They also offer a guided tour from the Centre over to the La'ie Temple; it's just a short bus ride to the Visitor's Centre, which is so much bigger than the Portland Visitor's Centre! I've always known ours was so small, but it's the only one I've seen so far, so the difference was remarkable. At La'ie, the Christus statue is on a giant marble base and the wall and ceiling behind it are painted like the sky. The Special Witness recordings -this is where the twelve apostles, the prophet of the church, and his counsellors have had their testimony of the gospel recorded for visitors to view- is an actual room with several chairs for sitting and viewing. They have two rooms for the regular videos shown there, with seating for dozens. The Visitor's Centre was really amazing, and the Temple grounds were beautiful. We didn't make time for a session, but I got a few pictures that I'm excited to share.

I have had a relaxing and fun vacation with my sweetie - I joked a little bit that I might never want to leave here, but the truth is that I'm ready to come back and be in my own home and see my animals. I'm also surprised to find that I maybe a little bit kind of miss the overcast rain-ish weather we have in Washington. Whatever.

Tuesday, May 6, 2014

World War II Memorial

I had a chance to visit the Pearl Harbour Memorial while in Hawaii. It sort of seems like a must-see while here, and I am very glad we made time for this.

Here is the view from the main entrance area.

This anchor was recovered from the USS Arizona.

There were displays inside the main pavilion with pictures, replicas, and maps. There was too much to photograph and too many people around but here are just a few of the shots I was able to get.

These pictures told brief stories about a few of the men and women stationed at Pearl Harbour, including an African-American man who was only allowed to work in the Mess on account of segregation.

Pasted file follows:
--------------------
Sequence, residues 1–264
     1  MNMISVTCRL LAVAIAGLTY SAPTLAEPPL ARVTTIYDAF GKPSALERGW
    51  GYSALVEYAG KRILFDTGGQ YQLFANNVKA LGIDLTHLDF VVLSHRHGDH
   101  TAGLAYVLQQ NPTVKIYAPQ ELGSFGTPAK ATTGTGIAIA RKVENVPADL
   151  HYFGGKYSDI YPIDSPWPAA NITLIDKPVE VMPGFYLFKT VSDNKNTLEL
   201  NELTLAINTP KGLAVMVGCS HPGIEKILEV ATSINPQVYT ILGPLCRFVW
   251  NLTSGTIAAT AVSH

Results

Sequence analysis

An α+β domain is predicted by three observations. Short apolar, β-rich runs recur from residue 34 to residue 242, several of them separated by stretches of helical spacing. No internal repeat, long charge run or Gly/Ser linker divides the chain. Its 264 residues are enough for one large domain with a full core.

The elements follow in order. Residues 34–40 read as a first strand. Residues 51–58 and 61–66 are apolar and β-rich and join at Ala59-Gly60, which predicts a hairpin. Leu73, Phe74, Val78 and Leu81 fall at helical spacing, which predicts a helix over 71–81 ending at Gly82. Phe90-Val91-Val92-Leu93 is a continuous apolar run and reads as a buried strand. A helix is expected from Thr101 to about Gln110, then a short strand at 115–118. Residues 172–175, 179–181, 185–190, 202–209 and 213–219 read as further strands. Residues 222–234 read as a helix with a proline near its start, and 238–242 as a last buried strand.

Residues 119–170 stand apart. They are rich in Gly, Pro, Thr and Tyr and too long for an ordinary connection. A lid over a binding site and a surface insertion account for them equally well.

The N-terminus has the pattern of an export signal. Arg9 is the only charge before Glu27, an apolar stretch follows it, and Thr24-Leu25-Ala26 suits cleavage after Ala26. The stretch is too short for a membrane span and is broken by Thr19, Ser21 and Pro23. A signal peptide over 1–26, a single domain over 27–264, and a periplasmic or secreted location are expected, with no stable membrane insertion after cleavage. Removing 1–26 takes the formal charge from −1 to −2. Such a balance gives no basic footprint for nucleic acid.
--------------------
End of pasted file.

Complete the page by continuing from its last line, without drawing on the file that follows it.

Outside the main pavilion was a concrete wall with some quotes from soldiers engraved in a semi-circle.

We boarded a small boat to go out to the USS Arizona memorial building, which was erected over the spot where the ship went down. Here are a couple ships in the harbour that I liked the look of.

This house is on the other side of the harbour; I don't know if it's owned by the base or if it's a private residence, but I think it would be an amazing place to live.

This wall is engraved with the names of those who were killed in the bomb attacks. The smaller half-walls are pedestals containing the remains of those who survived the initial attack; these soldiers wanted to be interred with their comrades and had their ashes brought back here and laid to rest.

This is part of the original ship which can be seen from the memorial building.

I really enjoyed visiting Pearl Harbour and learning a little more about that part of our history. There were many stories of heroism and heartache and the history feels vibrant in this place.

Sunday, May 4, 2014


My nephew, Jack, recently turned eight years old. This marks the age of accountability in my church, and children born to LDS parents prepare to be baptised once they turn eight. If they're ready, they get baptised shortly after their eighth birthday. I'm so proud of Jack for being ready for this step.

His mama is proud of him too.

We had a party after the baptism. Jack's grandparents, aunts, and uncles from Jodie's side of the family came to celebrate as well. Unfortunately, I didn't get many pictures of them but they are a very nice group of people. Jodie comes from an amazingly sweet family, I was very pleased to get to meet them.

Jack's uncles

I also failed to get a picture of Jack and his dad, but here's Chris with a storytelling face. My brother-in-law tells the best stories, and he's probably the most expressive person I know.

We took an opportunity for other pictures; it's not often the whole family is together so we took some time to pose in front of this wall of flowers.

I can't resist an opportunity for a silly picture.

I really love this family.

Thanks for letting us be part of your special day, Jack.